Maryland Department of Aging July News


Maryland Chosen to Participate in National Aging Learning Collaborative


Maryland has been chosen as one of ten states to participate in the Multisector Plan for Aging (MPA) Learning Collaborative led by the Centers for Health Care Strategies. 

“The aging of Maryland’s population impacts every Marylander,” said Maryland Department of Aging Secretary Carmel Roques. “This statewide collaborative will create a new framework to transform the coordination of services and build on the strengths of the aging population for decades to come, leaving no one behind.” 

As part of the learning collaborative, the Department will develop a blueprint to help states design a coordinated system of high-quality care and support services that promotes healthy aging, independent living, and social engagement. The MPA will include critical partnerships with public and private sector stakeholders, as well as input from older people across the state, to address issues related to healthcare, housing, transportation, and other social determinants of health.

Click here to read more about Department of Aging's participation in the MPA Learning Collaborative. Click here to learn more about the Centers for Health Care Strategies.

USAging Recognizes AAA Partnership


The Maryland Living Well Center of Excellence (LWCE) has been recognized by USAging for its collaboration over the past several years with TidalHealth to improve health outcomes and quality of life for older adults or persons with disabilities.

The LWCE - a division of MAC Inc., the Area Agency on Aging on the Eastern Shore - last year won the prestigious John A. Hartford Foundation Business Innovation Runner Up Award, applauding the partnership between the community-based organization and the private health care company.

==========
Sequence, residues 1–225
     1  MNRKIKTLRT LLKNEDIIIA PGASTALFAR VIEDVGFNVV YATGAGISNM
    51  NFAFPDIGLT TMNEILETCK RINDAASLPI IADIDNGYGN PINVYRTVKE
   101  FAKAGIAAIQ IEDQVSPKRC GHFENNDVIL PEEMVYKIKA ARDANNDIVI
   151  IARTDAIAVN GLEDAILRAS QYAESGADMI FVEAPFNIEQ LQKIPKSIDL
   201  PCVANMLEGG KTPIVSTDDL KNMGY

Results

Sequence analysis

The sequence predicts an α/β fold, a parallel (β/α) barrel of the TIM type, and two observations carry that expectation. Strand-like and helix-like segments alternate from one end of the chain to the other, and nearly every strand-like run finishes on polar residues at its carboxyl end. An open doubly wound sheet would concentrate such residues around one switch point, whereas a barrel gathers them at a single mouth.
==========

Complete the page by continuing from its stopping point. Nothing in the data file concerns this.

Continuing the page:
USAging reiterated the success of the program in its recent article "Success Stories Building Collaborative Contracts with Health Care: Maryland Living Well Center of Excellence...and TidalHealth." The article points out how an effective health care partnership such as this reaches underinsured and underserved communities and ensures a continuum of care through the use of evidence-based programs. Click here to read the full article.

The Living Well Center of Excellence offers in-person and virtual programs, classes, and workshops to encourage older adults to stay engaged and live a full life. The John A. Hartford Foundation, based in New York City, is a private, nonpartisan, national philanthropy dedicated to improving the care of older adults. USAging represents and supports the national network of Area Agencies on Aging and advocates for older adults and people with disabilities.

ACL Seeks Input on Older Americans Act


The U.S. Administration for Community Living (ACL) is seeking input on proposed changes to the Older Americans Act (OAA) that, if adopted, would be the first substantial updates in 35 years.

ACL says the proposed updates will address issues that have emerged over the last three decades due to longer lifespans and a growing older population. In addition, ACL says the changes will clarify requirements for serving older adults during national disasters and other emergencies, as well as strengthen the system of support that allows millions of older adults to stay in their own homes and age in place. Click here for an overview of proposed OAA changes. Comments may be submitted online or by mail and must be received by 11:59pm EST, Tuesday, August 15, 2023. 


Older Americans Act Background Information

The Older Americans Act (OAA) was passed in 1965 by Congress as part of President Johnson’s “Great Society” initiative with the goal of improving the status of older Americans by meeting their community social needs. The original legislation authorized grants to states for community planning and social services, research and development projects, and personnel training in the field of aging. The law also established the Administration on Aging to administer grant programs and serve as the federal focal point on matters concerning older persons.